I just moved out to Nashville a couple months ago to start my new job, and the only bad thing about it so far (besides not being able to surf after work like I did almost every day in Charleston) is my bathroom. It’s an odd shape, and the switch for the fan is on the other side of the bathroom from the door, the light switch, and the shower! It’s conveniently placed by the toilet though, so go figure.
Before I talk about that, this first picture shows my first mod, bathroom speakers! I wanted to be able to listen to the stereo clearly while in the shower, without having to turn my regular stereo (two 600-watt MTX PRO-210 PA cabinets with five speakers each) up so loud it deafens my roommates. I wired the power and audio for it up to the regular amp, so as long as the switch is on in the bathroom it plays whatever the main stereo is playing (volume-independent). This has been convenient for watching TV, since my TV is on the stereo too, when I walk in the bathroom I only miss out on half of the TV-watching experience now. I guess I could just push pause, but what’s the fun in that?
Any way, the main problem was that my fan wouldn’t turn on when I wanted it to, usually when I was in the shower. I could take the extra effort to hike across my bathroom EVERY TIME I want to take a shower without all the humidity, but if I was that kind of person I probably wouldn’t have used a microcontroller to operate my kitchen lights in my last apartment just so I wouldn’t have to get off the couch. I also have a tendency to be a little absent-minded so I normally just forgot to turn the fan on when I get in the shower. So I decided to do this so that the fan would come on with the lights. Extra incentive for putting this in was the addition of the stereo, it probably doesn’t like the shower humidity too much.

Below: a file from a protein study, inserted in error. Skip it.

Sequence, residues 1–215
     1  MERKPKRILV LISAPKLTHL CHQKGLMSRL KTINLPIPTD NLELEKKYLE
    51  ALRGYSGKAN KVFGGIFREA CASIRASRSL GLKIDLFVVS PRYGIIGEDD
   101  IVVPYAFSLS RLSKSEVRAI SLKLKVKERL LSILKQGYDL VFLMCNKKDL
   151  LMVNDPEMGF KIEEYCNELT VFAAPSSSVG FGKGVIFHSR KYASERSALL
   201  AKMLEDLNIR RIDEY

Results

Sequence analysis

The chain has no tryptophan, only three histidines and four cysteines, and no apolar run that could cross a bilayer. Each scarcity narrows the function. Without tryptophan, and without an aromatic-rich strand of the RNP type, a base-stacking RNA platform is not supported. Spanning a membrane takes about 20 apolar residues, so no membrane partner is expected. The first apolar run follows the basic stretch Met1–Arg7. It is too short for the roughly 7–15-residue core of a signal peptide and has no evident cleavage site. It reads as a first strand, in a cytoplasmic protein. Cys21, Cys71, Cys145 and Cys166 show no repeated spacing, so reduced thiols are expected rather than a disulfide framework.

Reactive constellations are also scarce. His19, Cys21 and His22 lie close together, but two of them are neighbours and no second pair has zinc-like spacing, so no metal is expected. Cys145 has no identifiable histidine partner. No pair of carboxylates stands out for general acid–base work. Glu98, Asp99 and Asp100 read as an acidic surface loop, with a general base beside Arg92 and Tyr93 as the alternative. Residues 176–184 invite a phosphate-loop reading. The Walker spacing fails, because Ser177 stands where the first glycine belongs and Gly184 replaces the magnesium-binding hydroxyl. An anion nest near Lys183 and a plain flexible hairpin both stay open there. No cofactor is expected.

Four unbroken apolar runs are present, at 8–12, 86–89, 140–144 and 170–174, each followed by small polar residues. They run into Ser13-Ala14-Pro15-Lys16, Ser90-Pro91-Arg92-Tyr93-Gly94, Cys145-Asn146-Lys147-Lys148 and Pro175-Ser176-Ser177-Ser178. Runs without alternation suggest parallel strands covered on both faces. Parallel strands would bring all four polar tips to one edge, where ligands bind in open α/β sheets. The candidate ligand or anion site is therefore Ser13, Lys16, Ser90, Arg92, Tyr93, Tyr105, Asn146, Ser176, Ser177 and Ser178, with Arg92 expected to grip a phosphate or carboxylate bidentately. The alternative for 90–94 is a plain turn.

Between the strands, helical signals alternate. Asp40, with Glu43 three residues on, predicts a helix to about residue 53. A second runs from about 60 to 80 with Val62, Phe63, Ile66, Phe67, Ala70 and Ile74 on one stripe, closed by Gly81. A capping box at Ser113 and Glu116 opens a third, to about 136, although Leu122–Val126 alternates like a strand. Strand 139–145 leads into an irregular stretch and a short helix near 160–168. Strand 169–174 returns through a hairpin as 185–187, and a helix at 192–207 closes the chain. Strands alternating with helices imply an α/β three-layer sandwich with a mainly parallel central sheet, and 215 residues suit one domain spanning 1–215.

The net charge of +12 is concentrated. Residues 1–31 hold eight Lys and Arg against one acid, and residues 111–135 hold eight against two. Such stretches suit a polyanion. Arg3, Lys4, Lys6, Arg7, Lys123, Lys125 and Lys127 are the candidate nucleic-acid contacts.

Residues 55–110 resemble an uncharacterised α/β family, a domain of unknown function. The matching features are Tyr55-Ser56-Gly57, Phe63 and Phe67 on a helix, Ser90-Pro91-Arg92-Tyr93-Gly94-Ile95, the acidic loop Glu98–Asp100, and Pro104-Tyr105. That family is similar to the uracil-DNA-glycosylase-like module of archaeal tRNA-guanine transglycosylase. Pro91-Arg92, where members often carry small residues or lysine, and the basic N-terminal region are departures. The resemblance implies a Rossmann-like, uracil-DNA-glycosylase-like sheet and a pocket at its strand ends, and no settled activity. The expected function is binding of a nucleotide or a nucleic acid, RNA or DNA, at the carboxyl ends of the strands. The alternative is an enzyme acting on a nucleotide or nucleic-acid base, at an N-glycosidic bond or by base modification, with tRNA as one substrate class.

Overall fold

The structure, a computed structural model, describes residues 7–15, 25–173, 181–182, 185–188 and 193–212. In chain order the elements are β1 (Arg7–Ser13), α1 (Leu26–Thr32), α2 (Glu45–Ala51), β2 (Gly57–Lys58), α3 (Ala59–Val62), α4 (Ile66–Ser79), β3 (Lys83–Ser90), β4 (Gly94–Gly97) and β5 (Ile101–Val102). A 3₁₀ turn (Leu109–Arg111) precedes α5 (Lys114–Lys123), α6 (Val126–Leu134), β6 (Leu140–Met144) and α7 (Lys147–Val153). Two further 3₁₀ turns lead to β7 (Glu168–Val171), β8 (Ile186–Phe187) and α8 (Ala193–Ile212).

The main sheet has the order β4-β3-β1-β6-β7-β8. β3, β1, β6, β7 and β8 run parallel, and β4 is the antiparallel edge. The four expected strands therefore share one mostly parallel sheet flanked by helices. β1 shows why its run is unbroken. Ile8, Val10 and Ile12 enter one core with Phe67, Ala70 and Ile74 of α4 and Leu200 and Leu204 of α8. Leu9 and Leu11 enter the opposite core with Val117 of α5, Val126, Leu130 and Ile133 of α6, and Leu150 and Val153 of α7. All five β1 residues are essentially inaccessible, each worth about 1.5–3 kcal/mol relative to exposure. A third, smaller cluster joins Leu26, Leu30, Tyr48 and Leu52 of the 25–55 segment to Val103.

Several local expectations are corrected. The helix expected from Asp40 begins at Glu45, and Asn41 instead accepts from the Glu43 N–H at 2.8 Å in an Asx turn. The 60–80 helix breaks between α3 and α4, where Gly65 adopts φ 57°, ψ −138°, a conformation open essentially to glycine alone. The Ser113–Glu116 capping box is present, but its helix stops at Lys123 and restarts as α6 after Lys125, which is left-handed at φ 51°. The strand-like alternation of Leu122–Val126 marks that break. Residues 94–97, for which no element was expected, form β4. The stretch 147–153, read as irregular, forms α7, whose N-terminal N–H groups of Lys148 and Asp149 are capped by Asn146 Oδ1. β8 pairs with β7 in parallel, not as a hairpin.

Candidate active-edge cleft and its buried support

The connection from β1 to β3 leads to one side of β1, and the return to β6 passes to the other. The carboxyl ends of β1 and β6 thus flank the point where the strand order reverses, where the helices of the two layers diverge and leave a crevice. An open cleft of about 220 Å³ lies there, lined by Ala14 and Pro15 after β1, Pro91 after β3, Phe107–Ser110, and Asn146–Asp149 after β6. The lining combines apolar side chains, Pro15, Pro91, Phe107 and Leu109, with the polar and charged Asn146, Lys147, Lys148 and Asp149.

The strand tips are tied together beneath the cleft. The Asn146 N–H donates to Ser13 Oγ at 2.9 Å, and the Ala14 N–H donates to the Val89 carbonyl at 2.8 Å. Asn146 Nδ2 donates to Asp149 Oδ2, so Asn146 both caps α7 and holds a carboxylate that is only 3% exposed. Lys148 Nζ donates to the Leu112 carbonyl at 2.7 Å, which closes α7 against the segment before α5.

I wanted a switch to operate the fan too. I found a three-position double-pole double-throw center-off switch in my truck’s toolbox. With the switch up, the fan is on all the time, with it in the center it is off all the time, and with it down it is on when the lights turn on.
The operation with the lights was accomplished with a 120V AC relay shown in the above picture on the right. I tapped into one of the lights using the same device I used in the fridge speakers post, and ran that to the coil on the relay. The relay and the three-position switch operate in parallel with each other.
This was the final installation in a typical light switch junction box, and I scavenged the plexiglass cover from the apartment kitchen light switch. I wanted the relay inside the junction box but it wouldn’t fit with the switch, so I just taped it up real well and hung it outside. I soldered wires to the connectors, shrink-wrapped them, and then taped a few layers with electrical tape. Seems safe.
Above is the overall installation with the tap off of the lights that I mentioned earlier.
And the circuit diagram! Which apparently is sideways? Oh well. Tilt your head if you really want to see it! This shows the operation and wiring of every component in this project.
Hooray! Now due to all of this work and effort I can be a little more lazy. Engineering tends to work that way, and I’m OK with it.